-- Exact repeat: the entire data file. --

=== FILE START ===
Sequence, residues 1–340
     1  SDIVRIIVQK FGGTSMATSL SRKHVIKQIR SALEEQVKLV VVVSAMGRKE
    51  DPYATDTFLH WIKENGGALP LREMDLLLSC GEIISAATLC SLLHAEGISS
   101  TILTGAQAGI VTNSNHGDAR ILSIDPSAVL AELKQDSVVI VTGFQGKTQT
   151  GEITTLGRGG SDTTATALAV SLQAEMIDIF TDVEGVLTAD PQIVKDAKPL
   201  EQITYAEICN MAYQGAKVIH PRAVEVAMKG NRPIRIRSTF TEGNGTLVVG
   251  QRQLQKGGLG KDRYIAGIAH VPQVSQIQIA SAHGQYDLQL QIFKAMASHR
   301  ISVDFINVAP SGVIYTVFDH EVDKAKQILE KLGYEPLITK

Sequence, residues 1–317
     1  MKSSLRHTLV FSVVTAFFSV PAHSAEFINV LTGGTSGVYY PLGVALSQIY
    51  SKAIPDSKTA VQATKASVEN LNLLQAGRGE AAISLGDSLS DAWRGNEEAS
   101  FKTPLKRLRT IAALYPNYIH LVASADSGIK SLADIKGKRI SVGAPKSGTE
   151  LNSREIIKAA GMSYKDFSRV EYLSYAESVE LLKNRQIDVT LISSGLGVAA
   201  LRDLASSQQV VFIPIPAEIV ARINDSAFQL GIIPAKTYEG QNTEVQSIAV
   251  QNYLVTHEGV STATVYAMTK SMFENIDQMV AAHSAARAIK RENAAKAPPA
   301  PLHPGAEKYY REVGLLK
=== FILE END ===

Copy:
Sequence, residues 1–340
     1  SDIVRIIVQK FGGTSMATSL SRKHVIKQIR SALEEQVKLV VVVSAMGRKE
    51  DPYATDTFLH WIKENGGALP LREMDLLLSC GEIISAATLC SLLHAEGISS
   101  TILTGAQAGI VTNSNHGDAR ILSIDPSAVL AELKQDSVVI VTGFQGKTQT
   151  GEITTLGRGG SDTTATALAV SLQAEMIDIF TDVEGVLTAD PQIVKDAKPL
   201  EQITYAEICN MAYQGAKVIH PRAVEVAMKG NRPIRIRSTF TEGNGTLVVG
   251  QRQLQKGGLG KDRYIAGIAH VPQVSQIQIA SAHGQYDLQL QIFKAMASHR
   301  ISVDFINVAP SGVIYTVFDH EVDKAKQILE KLGYEPLITK

Sequence, residues 1–317
     1  MKSSLRHTLV FSVVTAFFSV PAHSAEFINV LTGGTSGVYY PLGVALSQIY
    51  SKAIPDSKTA VQATKASVEN LNLLQAGRGE AAISLGDSLS DAWRGNEEAS
   101  FKTPLKRLRT IAALYPNYIH LVASADSGIK SLADIKGKRI SVGAPKSGTE
   151  LNSREIIKAA GMSYKDFSRV EYLSYAESVE LLKNRQIDVT LISSGLGVAA
   201  LRDLASSQQV VFIPIPAEIV ARINDSAFQL GIIPAKTYEG QNTEVQSIAV
   251  QNYLVTHEGV STATVYAMTK SMFENIDQMV AAHSAARAIK RENAAKAPPA
   301  PLHPGAEKYY REVGLLK